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AND is there care in Heaven, and is there love
In heavenly spirits to these creatures base,
That may compassion of their evils move?

There is, — else much more wretched were the case
Of men than beasts. But O the exceeding grace
Of highest God that loves His creatures so,

And all His works with mercy doth embrace,
That blessed Angels He sends to and fro
To serve to wicked man, to serve His wicked foe.

How oft do they their silver bowers leave,

To come to succor us who comfort want; How oft do they with golden pinions cleave

The flitting skies like flying pursuivant,

Against foul fiends to aid us militant.
They for us fight, they watch and duly ward,

And their bright squadrons round about us plant, And all for love, and nothing for reward:

O, why should heavenly God to man have such regard?

E. Spenser



'Be ye doers of the Word, and not hearers only"

GOING home from the House of God,
The flower at her foot, and the sun overhead,
Little Christel so thoughtfully trod,
Pondering what the preacher had said.

"Even the youngest, humblest child,
Something may do to please the Lord."

"Now what," thought she, and half sadly smiled, "Can I, so little and poor, afford?"

"Never, never a day should pass
Without some kindness, kindly shown."

Little Christel looked down at the grass
Rising like incense before the throne.

"Well, a day is before me now,

Yet what," thought she, "can I do if I try? If an angel of God should show me how,

But silly am I, and the hours they fly."

Then a lark sprang singing up from the sod,
And Christel thought, as he rose to the blue,

"Perhaps he will carry my prayer to God,
But who would have thought the little lark


Now she entered the village street,
With book in hand, and face demure,

And soon she came, with sober feet,
To a crying babe at a cottage door.

The child had a windmill that would not move,
It puffed with its round red cheeks in vain,

One sail stuck fast in a puzzling groove,
And baby's breath could not stir it again.

Poor baby beat the sail, and cried,

While no one came from the cottage door;

But little Christel knelt down by its side,
And set the windmill going once more.

Then babe was pleased, and the little girl
Was glad when she heard it laugh and crow;

Thinking, happy windmill, that has but to whirl,
To please the pretty young creature so.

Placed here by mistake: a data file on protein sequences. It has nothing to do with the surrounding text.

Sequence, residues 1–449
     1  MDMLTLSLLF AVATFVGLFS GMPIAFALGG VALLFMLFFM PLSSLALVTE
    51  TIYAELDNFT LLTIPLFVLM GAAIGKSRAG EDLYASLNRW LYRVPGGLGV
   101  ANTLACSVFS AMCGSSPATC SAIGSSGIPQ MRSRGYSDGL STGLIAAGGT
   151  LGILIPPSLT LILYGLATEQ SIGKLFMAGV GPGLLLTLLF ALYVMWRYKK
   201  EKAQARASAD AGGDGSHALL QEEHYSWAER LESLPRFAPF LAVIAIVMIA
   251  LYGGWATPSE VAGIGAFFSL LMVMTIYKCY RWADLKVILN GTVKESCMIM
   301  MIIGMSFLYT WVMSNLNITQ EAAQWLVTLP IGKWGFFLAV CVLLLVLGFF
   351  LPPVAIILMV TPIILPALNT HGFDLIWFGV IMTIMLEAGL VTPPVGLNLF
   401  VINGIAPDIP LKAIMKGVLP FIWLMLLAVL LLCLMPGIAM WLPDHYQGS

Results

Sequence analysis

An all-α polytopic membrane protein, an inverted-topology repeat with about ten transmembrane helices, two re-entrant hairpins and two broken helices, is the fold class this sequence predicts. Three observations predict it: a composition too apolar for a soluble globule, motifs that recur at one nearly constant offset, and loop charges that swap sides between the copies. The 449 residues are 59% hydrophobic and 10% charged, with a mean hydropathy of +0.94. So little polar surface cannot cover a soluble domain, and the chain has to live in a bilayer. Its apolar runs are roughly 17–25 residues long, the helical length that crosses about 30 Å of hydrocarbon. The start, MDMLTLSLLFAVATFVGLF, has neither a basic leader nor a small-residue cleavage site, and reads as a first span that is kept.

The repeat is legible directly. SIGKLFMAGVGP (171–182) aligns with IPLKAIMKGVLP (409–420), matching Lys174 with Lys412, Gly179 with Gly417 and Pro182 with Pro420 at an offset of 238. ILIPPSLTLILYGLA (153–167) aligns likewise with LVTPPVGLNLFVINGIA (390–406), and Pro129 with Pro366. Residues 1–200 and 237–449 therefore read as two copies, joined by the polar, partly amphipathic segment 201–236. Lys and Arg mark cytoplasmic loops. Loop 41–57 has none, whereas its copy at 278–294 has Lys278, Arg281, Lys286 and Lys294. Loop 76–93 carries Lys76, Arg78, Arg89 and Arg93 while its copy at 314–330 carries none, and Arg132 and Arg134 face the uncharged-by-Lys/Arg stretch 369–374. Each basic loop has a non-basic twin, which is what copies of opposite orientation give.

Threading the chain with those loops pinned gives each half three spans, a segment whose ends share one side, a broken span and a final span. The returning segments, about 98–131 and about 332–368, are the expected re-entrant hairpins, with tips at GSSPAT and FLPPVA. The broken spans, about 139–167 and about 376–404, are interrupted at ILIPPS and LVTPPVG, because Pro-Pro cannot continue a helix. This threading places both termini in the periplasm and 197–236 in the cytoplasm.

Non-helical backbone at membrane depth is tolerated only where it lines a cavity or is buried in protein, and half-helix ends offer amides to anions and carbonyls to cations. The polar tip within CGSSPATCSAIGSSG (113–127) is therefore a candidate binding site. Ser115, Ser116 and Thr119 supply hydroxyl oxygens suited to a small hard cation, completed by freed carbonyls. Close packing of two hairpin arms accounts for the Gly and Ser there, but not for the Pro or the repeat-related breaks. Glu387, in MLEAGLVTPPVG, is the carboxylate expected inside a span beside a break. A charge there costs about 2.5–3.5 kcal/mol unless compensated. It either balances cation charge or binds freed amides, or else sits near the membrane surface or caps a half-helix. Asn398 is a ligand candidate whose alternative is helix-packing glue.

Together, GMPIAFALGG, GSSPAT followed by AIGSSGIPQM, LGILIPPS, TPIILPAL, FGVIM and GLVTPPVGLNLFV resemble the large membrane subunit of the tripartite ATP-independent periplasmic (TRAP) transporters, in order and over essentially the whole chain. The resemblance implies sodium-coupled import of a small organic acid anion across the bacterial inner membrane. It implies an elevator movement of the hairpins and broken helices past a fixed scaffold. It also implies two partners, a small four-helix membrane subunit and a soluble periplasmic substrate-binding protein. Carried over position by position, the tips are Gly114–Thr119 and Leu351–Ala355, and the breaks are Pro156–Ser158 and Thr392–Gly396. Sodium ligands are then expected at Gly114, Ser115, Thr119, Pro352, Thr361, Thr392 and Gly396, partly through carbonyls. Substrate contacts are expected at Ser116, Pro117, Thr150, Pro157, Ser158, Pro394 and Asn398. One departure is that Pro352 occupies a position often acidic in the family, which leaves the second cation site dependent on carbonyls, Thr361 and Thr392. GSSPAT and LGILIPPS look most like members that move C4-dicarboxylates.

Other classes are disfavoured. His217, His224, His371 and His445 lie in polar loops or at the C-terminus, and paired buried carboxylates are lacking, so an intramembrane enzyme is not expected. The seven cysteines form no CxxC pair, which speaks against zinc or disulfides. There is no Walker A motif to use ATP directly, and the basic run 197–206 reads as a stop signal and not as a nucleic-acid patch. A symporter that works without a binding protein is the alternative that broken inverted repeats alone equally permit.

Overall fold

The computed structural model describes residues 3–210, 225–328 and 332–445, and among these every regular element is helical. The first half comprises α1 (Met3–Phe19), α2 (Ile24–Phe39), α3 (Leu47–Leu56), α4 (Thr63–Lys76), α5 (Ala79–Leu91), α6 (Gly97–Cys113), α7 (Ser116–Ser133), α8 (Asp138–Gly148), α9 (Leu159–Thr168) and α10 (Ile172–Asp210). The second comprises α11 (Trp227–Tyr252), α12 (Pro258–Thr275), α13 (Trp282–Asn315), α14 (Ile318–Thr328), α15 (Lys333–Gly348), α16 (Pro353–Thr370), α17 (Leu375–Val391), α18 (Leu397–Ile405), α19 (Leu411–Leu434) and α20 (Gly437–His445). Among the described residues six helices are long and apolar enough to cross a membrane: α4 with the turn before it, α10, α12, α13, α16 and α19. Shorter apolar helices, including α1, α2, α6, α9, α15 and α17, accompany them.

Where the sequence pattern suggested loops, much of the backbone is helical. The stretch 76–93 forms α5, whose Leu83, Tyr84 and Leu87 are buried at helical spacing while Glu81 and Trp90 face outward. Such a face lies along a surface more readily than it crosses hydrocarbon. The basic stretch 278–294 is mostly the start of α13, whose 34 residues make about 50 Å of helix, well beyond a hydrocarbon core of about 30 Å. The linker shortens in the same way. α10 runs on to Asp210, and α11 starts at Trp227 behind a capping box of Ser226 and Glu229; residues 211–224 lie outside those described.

No thought of herself was in her head,
As she passed out at the end of the street,

And came to a rose-tree, tall and red,
Drooping and faint with the summer heat .

She ran to a brook that was flowing by;

She made of her two hands a nice round cup, And washed the roots of the rose-tree high,

Till it lifted its languid blossoms up.

"O happy brook!" thought little Christel,

"You have done some good this summer's clay,

You have made the flower look fresh and well ";
Then she rose, and went on her way.


But she saw, as she walked by the side of the brook,
Some great rough stones that troubled its course,

And the gurgling water seemed to say, "Look!
I struggle, and tumble, and murmur hoarse!

"How these stones obstruct my road!

How I wish they were off, and gone; Then I could flow, as once I flowed,

Singing in silvery undertone."

Then little Christel, as light as a bird,

Put off the shoes from her young white feet;

She moves two stones, she comes to the third, The brook already sings, "Thanks to you, sweet!"

O, then she hears the lark in the skies,

And thinks, "What is it to God he says?"

And she stumbles, and falls, and cannot rise,
For the water stifles her downward face.

The little brook flows on, as before,

The little lark sings with as sweet a sound;

The little babe crows at the cottage door;

And the red rose blooms, but Christel lies drowned.


Come in softly, this is the room;

Is not that an innocent face?
Yes, those flowers give a faint perfume, —

Think child, of Heaven, and the Lord His grace.

Three at the right, and three at the left,
Two at the feet, and two at the head,

The tapers burn. The friends bereft,

Have cried till their eyes are swollen and red.

Who would have thought it when little Christel
Pondered on what the preacher had told?

But the good wise God does all things well,
And the fair young creature lies dead and cold.

Then a little stream crept into the place,
And rippled up to the coffin's side,

And touched the corpse on its pale round face,
And kissed the eyes till they trembled wide:

Saying, "I am a river of joy from Heaven;

You helped the brook, and I help you,
I sprinkle your brow with life-drops seven,

I bathe your eyes with healing dew."

Then a rose-branch in through the window came, And colored her cheeks and lips with red;

"I remember, and Heaven does the same," Was all that the faithful rose-branch said.

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